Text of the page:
Rob Houwing, Sport24 chief writer
Cape Town - Given a serious taste of their own, confrontational medicine by a pumped-up Sharks team on Friday night, the Bulls have some soul-searching to do if they are to make much progress in the Super Rugby finals series.
First they have to just get to the playoffs, of course, although common sense suggests they ought to be capable of seeing off ailing neighbours the Lions at Loftus, probably even with a bonus point if it is needed in the final round of ordinary season next Saturday night.
It is the very last fixture ahead of the playoffs phase, so the Bulls will be in the advantageous position of knowing exactly what they have to do in the Highveld derby.
As things stand, there is a heartening chance of three South African teams making the six-team finals series, although overseas travel for “qualifiers” ahead of the semis is highly likely for both the Bulls, currently lying fifth, and the sixth-placed Sharks.
Both teams will definitely make the playoffs cut if they earn victories with four tries against the Lions and Cheetahs (at Mr Price Kings Park) respectively.
The Stormers, still with an outstanding game in the current round against the Cheetahs (Bloemfontein, 15:00), are increasingly likely to have the luxury of a ticket straight into a home semi.
The Bulls lie above the Sharks on the basis of a superior “for and against” differential (plus-86 to the Durban team’s plus-69) although they are level on log points and also on total wins: nine each.
Ironically the dubious “reward” for the Bulls being marginally ahead, if the situation stays that way after next weekend’s round, would be a probable trip to play the seven-times champion Crusaders in Christchurch, whilst the Sharks (assuming they’ve also cracked the playoffs nod) look destined to tackle the Brumbies in Canberra.
With all due respect to the remarkable work Jake White has done to make the Brumbies so competitive this season, everyone knows which game abroad both the Bulls and Sharks would prefer if the league table ends as it should.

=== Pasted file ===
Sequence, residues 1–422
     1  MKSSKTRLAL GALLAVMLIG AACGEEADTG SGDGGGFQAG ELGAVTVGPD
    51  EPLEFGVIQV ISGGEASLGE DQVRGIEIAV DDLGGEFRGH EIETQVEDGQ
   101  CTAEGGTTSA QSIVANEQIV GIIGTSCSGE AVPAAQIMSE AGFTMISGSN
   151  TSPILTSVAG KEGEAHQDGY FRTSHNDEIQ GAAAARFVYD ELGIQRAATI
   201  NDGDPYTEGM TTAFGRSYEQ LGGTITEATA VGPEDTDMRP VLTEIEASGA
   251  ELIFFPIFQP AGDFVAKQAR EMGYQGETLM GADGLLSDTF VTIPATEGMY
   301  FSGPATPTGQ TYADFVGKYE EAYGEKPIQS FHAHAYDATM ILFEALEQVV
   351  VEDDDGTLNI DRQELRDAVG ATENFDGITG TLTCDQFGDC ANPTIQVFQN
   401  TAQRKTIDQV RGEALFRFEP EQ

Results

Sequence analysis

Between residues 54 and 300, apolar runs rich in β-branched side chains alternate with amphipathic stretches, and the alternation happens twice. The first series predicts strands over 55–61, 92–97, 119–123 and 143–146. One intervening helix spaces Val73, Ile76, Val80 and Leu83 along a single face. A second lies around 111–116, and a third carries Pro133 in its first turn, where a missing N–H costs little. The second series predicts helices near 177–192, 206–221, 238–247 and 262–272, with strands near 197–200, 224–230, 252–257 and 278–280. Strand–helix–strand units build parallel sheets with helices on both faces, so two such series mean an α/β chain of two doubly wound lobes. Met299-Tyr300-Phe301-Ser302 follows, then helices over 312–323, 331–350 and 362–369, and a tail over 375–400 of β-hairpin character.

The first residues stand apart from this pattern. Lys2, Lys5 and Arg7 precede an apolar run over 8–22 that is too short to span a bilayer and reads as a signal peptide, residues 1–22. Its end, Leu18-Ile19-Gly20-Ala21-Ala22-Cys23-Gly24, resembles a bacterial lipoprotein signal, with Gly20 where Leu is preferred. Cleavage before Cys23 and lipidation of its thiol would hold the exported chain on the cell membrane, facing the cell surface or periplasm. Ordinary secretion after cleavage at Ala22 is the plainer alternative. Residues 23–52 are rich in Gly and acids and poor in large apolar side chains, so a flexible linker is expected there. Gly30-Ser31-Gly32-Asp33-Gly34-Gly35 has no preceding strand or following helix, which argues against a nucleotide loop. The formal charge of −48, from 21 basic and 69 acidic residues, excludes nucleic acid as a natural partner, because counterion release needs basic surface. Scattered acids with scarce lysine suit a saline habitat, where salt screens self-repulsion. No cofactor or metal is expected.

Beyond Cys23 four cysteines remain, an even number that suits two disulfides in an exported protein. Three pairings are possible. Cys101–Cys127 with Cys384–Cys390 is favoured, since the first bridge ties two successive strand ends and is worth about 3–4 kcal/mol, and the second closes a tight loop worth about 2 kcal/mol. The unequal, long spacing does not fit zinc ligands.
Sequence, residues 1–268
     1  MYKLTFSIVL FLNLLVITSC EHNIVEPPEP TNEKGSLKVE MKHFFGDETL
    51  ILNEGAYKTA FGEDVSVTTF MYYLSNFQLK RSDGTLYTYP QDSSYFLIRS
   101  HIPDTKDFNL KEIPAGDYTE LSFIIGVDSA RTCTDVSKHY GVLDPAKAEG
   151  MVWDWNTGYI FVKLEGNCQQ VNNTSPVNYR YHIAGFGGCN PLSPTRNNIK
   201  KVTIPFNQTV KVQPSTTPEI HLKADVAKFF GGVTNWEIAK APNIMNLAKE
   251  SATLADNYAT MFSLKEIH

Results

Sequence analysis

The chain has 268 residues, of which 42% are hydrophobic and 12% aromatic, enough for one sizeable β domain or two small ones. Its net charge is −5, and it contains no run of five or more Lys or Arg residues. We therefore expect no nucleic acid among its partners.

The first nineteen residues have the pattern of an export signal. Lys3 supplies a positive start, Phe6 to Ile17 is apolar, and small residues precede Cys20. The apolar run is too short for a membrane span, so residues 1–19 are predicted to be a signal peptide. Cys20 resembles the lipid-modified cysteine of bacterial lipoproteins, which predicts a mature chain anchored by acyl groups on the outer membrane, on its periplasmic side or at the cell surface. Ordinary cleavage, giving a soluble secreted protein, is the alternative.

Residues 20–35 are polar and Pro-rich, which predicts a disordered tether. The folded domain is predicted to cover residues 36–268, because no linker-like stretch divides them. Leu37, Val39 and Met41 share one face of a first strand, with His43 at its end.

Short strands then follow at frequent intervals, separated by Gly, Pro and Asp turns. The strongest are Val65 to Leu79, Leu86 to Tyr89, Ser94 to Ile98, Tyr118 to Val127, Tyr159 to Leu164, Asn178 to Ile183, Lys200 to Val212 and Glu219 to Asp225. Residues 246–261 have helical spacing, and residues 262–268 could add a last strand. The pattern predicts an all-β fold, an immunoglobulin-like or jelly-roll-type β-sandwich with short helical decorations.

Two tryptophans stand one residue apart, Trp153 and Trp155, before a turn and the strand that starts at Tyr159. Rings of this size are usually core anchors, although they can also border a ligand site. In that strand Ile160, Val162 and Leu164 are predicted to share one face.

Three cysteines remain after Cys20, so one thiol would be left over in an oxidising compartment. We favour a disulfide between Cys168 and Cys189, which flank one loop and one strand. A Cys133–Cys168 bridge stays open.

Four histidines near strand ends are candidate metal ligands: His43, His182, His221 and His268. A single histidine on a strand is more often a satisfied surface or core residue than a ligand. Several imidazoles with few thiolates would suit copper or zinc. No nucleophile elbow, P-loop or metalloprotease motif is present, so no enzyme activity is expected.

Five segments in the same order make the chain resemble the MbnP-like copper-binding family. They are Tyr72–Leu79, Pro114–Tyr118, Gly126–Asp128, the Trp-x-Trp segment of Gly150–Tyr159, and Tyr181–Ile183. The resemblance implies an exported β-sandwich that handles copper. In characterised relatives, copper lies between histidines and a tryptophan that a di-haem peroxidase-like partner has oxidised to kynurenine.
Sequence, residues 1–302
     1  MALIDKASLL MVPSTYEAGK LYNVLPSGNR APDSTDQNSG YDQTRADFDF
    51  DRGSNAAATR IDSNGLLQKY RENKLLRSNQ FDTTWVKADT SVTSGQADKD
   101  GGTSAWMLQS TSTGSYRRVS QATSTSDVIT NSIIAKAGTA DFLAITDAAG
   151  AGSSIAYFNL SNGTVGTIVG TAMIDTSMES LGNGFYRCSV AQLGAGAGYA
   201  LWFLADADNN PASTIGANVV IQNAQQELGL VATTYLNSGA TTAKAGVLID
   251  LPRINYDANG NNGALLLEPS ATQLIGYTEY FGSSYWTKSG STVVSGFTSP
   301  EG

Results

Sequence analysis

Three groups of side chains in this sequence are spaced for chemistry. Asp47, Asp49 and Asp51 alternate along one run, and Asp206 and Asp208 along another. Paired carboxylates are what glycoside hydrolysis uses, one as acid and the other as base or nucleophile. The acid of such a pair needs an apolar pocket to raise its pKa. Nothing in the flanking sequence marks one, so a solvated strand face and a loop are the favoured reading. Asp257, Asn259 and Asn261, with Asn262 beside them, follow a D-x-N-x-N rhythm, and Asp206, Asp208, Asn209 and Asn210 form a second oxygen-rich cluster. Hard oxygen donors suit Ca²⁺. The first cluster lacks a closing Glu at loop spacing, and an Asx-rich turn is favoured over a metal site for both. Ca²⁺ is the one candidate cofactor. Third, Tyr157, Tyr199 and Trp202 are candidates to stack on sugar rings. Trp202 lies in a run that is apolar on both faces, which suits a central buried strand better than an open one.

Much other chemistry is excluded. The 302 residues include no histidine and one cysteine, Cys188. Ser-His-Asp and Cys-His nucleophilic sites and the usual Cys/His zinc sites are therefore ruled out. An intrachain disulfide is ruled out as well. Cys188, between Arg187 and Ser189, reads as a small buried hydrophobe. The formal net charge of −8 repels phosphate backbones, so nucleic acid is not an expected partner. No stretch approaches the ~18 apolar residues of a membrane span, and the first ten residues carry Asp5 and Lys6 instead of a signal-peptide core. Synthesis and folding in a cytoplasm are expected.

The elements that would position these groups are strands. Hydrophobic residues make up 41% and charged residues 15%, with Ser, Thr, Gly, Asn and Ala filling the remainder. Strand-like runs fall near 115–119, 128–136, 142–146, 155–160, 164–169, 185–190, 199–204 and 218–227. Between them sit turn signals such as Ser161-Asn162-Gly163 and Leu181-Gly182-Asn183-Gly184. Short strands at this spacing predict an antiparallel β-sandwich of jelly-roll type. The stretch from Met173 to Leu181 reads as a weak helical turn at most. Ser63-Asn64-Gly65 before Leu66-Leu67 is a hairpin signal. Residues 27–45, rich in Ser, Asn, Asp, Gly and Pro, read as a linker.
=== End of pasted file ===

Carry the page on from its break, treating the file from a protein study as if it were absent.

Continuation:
Of the two SA sides with the likely stiffer passages to the semis, it is the Bulls who appear to have greater problems on their hands anyway after the manner in which they were bludgeoned 32-10 by the Sharks before an ecstatic Durban faithful.
Momentum starts to play an increasingly important role at this stage of the campaign, and Bulls fans’ best hope now, it seems, is that they’ve hit a “low” over the course of several weeks and the only way is thus up.
Several weeks ago the Bulls were chugging along rather nicely, a big threat to the Stormers’ quest to top the local conference again as they started their overseas leg with respective wins in Australia against the Waratahs and Rebels.
But since May 19, when they were stopped in their tracks 16-11 by the Highlanders in Dunedin, they have largely been on a pronounced slide: the Bulls have surrendered four of their last five games, in all, a sequence interrupted only by last weekend’s high-tempo 40-24 disposal of the Cheetahs at Loftus.
Even there, certain danger signs were apparent as a commendable 40-0 advantage well into the second half lost much lustre - the Cheetahs roared back for four unanswered tries.
Again on Friday night the Bulls leaked a quartet of tries as the Sharks banked a crucial bonus point for their cherry on top of a dominating performance, with Ryan Kankowski a revelation for his overall zest, and ability to cause some havoc with the Bulls’ lineout plans - normally an area of undoubted strength.
The Bulls are generally not having too much trouble scoring tries (46) themselves, although they have now conceded 36, which is more than any other team among the current top seven on the overall table so the chalk board may need to be brought out by Frans Ludeke to examine their defensive structure and execution.
Their scrummaging ego took a bad knock in Durban, and once again in a match where the Bulls find themselves unusually back-pedalling, prominent Springboks like their captain Pierre Spies seemed to go suspiciously absent without leave.
To his credit, Spies did pull off one excellent cover tackle on a flying Timmy Whitehead, the Sharks outside centre, but it will be a concern to supporters and observers of the national team that for “80-minute effort” the big man came up pretty short at No 8 once more.
All that said, the Bulls do remain South Africa’s most successful franchise in Super Rugby with their three titles, travel rather better than they used to, and should not quite be written off as title contenders just yet.
They are bound to feel a whole lot better about life again if they thump the Lions, perhaps suddenly believing that the timing of their run is falling into place - Super Rugby is funny like that, isn’t it?*Follow our chief writer on Twitter: @RobHouwing